Last week you learned the basics of using Access Control Lists (ACLs) and the command associated with them: getfacl, setfacl and chacl. This week you’ll learn that protecting the rights of your users is as important as protecting your users from themselves. You’ll also learn the effects of changes to user’s rights.
Managing users and permissions is a full-time job. That’s why your job as System Administrator (SA) exists. Your job is to keep the system running smoothly for the system’s users. That includes patching, file maintenance, performance measurement, capacity planning and user maintenance.
It might sound dehumanizing to say, user “maintenance” but that’s exactly what you’re doing. You have to create, remove, edit and maintain user accounts. By maintain, you have to enforce corporate policy and balance those with user requests. This is never an easy balance to strike.
Yes, it’s true that your job is to “protect and serve.” Often a dirty job, but you’ve chosen to do it. Fortunately for you, Linux systems set very high user restrictions by default. Users have full rights to their home directories and the /tmp directory but nothing else. This default permissions policy protects them from destroying important files, it protects other system users from accidents, it does a good job of preventing most malicious attacks and perhaps most refreshing of all: It protects you, the SA.
For example, you create a user account for a new hire into the Human Resources and Accounting Department named John Oker, and following corporate account policy, you create his user account in the usual way.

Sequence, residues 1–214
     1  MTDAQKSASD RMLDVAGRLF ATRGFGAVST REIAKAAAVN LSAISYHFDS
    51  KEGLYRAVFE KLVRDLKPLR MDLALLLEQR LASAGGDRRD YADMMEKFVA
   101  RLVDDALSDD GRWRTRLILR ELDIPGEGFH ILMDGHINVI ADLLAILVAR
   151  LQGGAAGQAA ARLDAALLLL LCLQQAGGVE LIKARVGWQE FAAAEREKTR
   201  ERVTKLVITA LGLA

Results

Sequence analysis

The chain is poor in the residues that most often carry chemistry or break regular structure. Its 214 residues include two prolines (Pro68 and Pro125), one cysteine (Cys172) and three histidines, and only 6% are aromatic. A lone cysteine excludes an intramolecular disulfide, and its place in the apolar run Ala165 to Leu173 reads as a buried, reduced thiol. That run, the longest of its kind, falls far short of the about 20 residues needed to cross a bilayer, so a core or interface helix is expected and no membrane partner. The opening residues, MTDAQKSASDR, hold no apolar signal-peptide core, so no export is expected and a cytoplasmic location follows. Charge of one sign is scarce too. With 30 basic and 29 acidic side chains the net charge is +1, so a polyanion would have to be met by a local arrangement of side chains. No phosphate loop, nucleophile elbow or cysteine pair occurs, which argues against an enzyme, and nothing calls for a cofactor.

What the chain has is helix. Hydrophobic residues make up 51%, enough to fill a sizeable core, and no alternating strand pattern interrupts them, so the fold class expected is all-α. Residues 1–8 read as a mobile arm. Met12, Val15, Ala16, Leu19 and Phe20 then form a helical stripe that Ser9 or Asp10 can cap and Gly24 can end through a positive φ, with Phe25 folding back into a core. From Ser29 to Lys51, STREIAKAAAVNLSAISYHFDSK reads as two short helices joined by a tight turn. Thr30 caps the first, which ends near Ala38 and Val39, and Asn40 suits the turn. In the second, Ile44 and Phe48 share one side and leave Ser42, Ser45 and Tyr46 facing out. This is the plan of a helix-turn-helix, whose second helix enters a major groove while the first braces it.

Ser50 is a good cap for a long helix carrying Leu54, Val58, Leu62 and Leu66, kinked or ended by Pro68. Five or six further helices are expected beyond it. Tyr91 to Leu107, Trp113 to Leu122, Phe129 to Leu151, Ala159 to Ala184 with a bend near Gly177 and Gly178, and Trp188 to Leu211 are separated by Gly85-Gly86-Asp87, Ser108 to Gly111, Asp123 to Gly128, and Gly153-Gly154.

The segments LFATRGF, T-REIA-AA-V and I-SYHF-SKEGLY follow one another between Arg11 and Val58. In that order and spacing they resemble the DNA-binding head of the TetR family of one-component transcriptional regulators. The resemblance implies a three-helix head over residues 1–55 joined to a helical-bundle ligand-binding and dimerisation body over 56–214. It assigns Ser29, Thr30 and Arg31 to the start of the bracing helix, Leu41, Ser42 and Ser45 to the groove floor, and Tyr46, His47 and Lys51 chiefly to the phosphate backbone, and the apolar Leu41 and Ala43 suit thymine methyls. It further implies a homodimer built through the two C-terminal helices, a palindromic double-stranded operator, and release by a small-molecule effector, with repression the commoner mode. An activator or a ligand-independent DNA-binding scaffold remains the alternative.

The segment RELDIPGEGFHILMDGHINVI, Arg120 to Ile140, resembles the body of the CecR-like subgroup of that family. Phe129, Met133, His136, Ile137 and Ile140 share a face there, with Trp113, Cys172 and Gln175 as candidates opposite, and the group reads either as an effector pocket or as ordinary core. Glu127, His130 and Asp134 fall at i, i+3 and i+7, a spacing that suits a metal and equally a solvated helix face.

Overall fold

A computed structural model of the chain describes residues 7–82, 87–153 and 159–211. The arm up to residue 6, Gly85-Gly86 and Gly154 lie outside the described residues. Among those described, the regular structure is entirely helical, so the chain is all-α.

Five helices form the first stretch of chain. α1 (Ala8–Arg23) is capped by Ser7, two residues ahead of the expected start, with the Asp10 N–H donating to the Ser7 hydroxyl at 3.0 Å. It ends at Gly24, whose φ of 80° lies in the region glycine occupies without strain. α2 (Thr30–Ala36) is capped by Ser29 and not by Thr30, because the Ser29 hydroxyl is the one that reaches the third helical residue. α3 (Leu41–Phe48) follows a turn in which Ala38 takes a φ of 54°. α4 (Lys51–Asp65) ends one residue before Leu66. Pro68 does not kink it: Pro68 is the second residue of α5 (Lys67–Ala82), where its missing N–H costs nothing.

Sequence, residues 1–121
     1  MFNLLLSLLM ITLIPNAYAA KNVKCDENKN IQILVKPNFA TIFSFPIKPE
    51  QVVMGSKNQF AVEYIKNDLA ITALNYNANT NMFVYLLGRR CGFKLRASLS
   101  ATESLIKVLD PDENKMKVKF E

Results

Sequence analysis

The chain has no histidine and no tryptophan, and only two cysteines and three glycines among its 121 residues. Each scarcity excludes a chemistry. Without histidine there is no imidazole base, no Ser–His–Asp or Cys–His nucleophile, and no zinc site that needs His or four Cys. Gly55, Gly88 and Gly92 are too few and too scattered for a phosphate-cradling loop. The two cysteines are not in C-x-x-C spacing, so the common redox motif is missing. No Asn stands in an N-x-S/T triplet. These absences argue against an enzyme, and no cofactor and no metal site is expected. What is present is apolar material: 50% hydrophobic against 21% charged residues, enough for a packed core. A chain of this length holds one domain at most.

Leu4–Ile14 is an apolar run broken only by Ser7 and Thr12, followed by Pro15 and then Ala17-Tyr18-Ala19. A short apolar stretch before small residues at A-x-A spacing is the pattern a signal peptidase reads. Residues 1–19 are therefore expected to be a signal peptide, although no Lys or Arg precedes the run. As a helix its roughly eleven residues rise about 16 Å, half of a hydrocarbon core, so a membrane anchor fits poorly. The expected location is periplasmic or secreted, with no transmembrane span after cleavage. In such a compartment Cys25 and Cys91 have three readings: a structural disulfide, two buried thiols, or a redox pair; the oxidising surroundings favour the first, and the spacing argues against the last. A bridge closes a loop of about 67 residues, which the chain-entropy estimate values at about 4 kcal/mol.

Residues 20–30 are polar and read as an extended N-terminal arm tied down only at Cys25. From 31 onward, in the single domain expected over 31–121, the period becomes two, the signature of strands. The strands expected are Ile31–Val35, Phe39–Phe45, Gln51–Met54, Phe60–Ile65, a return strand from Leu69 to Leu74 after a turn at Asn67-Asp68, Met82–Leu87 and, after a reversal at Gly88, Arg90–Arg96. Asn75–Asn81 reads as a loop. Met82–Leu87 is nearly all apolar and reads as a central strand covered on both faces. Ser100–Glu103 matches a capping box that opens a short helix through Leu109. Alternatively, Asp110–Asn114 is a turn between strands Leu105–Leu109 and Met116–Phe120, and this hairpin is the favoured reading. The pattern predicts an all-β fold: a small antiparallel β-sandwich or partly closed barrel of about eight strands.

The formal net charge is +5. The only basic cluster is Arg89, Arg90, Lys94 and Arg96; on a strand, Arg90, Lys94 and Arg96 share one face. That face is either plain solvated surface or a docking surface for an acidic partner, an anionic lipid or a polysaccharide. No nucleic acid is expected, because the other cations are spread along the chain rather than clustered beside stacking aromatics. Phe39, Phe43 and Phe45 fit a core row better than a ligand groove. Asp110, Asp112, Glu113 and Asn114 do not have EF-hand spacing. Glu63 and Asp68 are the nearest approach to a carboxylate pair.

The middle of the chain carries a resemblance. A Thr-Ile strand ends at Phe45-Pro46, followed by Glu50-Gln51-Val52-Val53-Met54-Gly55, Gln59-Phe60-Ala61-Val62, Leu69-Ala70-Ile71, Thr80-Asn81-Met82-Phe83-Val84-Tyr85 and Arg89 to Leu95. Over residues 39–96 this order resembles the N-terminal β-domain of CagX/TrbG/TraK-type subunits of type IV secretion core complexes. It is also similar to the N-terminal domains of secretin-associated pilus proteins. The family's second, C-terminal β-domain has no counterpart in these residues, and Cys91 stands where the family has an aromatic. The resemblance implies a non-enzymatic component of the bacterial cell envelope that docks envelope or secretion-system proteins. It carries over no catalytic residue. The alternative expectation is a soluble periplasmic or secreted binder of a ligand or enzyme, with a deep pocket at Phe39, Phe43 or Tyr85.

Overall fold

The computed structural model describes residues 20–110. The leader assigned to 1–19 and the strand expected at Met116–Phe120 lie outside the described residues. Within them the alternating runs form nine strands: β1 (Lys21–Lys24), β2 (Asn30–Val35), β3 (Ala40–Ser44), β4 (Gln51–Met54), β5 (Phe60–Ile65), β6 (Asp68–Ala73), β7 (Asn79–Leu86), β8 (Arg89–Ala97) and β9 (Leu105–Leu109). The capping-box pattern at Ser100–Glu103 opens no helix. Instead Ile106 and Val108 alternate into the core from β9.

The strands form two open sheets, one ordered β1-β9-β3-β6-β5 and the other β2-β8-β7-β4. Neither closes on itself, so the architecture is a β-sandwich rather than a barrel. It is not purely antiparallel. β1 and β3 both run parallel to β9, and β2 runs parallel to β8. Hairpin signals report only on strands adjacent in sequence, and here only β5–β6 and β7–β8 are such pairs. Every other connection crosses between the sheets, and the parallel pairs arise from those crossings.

Note: The HR group (444) and the Accounting group (999) already exist on your system.
Now he’s all fixed up, or is he? You forgot to read the second page of the request which clearly states that John Oker also needs special (full) access to the Management HR Files and Management Accounting Files. Everyone else in John’s group has read-only access to those files. These files exist under the HR and the Accounting directories.
John can edit the Managers.txt file but he can’t remove it due to the Accounting directory permissions (r-x) for the Accounting group.
Note: A malicious user can empty the file and save it as a workaround to his inability to remove the file from the filesystem. This is why good backups on critical files takes first priority over the best laid security or ACL scheme. And, in the case of financial or HR files, several snapshots per day, scheduled via cron, should be in place.
Now that you’ve established the background for this lesson, let’s give John and his account a workout.
ACLs aren’t perfect. No permissions structure is. Next, you’ll a demonstration of the greatest limitation of the Unix file permissions schema.
As stated earlier, every user has a home directory where he may create files and directories at will. There are other directories that a user might have access to as well. For this example, let’s say that user robert has used the system for a while and has 100MB or so in his home directory. He also has access to the Techs document repository, which is a shared directory for all members of the Techs group to create documentation. Robert has created his share of files in this shared directory. He is the owner but the Techs group also has full rights (rwx) to all files.